GIPPSLAND football clubs face a higher price tag for personal injury insurance in 2013 following a significant increase to upgraded rates for quadriplegic and paraplegic cover.
Clubs across the region have been urged to upgrade their insurance to the highest level following Leongatha footballer Beau Vernon’s quadriplegic injury this season.
Vernon’s devastating injury highlighted flaws in the standard insurance scheme and clubs will be forced to fork out more for the extra cover next season.
While the basic cover for paraplegic and quadriplegic injuries has almost doubled to $250,000, upgrading to $500,000, $750,000 and $1 million premiums has become more expensive.
To attain the highest level of cover, clubs must pay an additional $610 per senior, reserve or under 19 side and $123 per junior team, which has increased from $169 for senior sides last season while the cover was unavailable for juniors.
JLT Insurance account executive Paul Mullarvey said the rise was largely a byproduct of claims history, and confirmed precedents from this season contributed to the ballooning prices.
“The footy community has asked for a particular product; we’ve gone to the market to get the best rate we can for that product… claims history makes up a part of that,” Mullarvey said.
He said the reasoning for the increase had been outlined in an outgoing document to football clubs across Australia, but would not reveal the details to The Express due to client confidentiality.
Despite the increase, Gippsland League general manager Chris Soumilas said it was important for clubs to take out the $1 million premium.
“We’ve got to make sure our players are covered,” Soumilas said.
“We’re looking at having all the clubs in our league go to the highest level so things like the Beau Vernon case are covered for a lot more.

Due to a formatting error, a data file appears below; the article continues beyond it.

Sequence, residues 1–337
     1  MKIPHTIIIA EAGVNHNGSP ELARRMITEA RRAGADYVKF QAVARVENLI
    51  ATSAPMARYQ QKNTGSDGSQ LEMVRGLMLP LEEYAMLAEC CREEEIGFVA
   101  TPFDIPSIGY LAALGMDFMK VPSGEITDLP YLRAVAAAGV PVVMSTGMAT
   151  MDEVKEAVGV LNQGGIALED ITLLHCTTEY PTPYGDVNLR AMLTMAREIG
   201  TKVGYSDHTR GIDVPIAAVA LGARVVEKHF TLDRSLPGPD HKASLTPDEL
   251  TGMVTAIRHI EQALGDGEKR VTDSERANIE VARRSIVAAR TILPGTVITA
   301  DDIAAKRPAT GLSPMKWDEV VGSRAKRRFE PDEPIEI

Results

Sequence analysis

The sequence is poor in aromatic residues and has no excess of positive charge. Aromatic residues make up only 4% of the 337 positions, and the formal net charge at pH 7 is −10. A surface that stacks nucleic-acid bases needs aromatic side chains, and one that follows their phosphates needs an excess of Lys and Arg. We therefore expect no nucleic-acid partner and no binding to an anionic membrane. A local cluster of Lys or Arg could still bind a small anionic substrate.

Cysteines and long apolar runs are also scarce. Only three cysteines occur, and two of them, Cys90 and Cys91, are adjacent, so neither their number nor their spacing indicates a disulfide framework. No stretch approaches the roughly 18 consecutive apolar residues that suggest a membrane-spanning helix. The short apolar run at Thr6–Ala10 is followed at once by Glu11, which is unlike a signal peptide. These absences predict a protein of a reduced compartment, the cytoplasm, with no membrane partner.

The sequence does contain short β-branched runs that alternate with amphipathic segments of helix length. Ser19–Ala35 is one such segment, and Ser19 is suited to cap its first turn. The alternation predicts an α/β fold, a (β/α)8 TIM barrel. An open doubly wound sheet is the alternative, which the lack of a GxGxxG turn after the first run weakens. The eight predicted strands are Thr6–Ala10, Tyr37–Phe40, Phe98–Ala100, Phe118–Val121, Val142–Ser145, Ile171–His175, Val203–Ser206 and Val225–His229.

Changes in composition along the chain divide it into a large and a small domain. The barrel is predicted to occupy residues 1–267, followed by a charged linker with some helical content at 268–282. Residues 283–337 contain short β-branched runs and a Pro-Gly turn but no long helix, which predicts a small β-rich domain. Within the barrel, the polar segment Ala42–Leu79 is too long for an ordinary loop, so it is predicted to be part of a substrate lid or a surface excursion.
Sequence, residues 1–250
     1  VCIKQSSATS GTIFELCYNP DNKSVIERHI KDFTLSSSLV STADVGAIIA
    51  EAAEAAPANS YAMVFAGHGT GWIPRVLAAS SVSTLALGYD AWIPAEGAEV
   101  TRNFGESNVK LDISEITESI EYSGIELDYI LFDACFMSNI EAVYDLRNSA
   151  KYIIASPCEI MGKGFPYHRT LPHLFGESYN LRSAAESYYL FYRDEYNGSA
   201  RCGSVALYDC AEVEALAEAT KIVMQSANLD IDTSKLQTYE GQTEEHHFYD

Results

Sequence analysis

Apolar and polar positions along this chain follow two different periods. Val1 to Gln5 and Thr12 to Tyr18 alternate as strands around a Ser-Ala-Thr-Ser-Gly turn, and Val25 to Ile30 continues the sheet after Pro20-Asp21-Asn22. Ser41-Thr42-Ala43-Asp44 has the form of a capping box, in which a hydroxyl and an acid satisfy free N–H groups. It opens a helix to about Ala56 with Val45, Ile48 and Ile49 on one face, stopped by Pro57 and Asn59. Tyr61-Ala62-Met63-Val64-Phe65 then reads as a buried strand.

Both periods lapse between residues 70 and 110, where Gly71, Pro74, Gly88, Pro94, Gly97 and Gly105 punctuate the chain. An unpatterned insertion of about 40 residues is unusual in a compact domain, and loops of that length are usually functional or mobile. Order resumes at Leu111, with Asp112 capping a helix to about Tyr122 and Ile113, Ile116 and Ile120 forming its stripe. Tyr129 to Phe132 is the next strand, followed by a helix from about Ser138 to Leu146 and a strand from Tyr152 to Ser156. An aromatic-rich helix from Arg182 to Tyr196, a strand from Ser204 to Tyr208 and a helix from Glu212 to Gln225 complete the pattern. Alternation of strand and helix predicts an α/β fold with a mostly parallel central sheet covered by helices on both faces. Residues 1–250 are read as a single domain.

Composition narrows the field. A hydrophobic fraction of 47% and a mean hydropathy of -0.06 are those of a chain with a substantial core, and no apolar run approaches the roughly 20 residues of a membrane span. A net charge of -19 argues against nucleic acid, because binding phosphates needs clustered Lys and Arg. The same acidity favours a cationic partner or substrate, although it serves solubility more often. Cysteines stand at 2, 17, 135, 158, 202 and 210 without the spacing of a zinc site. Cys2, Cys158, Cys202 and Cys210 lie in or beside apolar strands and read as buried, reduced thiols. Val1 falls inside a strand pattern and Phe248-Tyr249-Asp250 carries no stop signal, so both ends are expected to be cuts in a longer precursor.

“The Australian Football League hasn’t made it compulsory and we can’t make it compulsory but we want (our clubs) to take it to the highest level and we’re advising all our clubs that they get their players to have private health care and ambulance cover; that will be a directive from our board.”
The estimated cost for clubs to upgrade across the board would be about $1500 to $2000 each, according to Soumilas.
“It’s an extra cost but they just have to find it,” he said.
Soumilas said the community support for the Beau Vernon Fund had been fantastic to date, but it would not be necessary had this insurance been in place earlier.
North Gippsland Football Netball League general manager Gordon Bayley said clubs in their league would be consulted on Wednesday night at the annual meeting about the insurance issue, and he would encourage upgrades.
“We’ll certainly be pushing for clubs to take the highest cover that they can afford to take and we’ll be asking clubs to look at increasing their player memberships to try to (reach) the highest cover,” he said.
“It’s critically important for the welfare of their players.”
Mid Gippsland Football Netball League outgoing president Len Scurrah said insurance was a priority, and last season’s initiative to upgrade clubs to platinum insurance if they took out gold cover would continue in 2013 under new president Gary Matthews, who was elected at last week’s annual meeting.
The Gippsland League will hold its AGM tonight where four board positions are up for election. A new chairman will be elected after Brian McKenzie stepped down.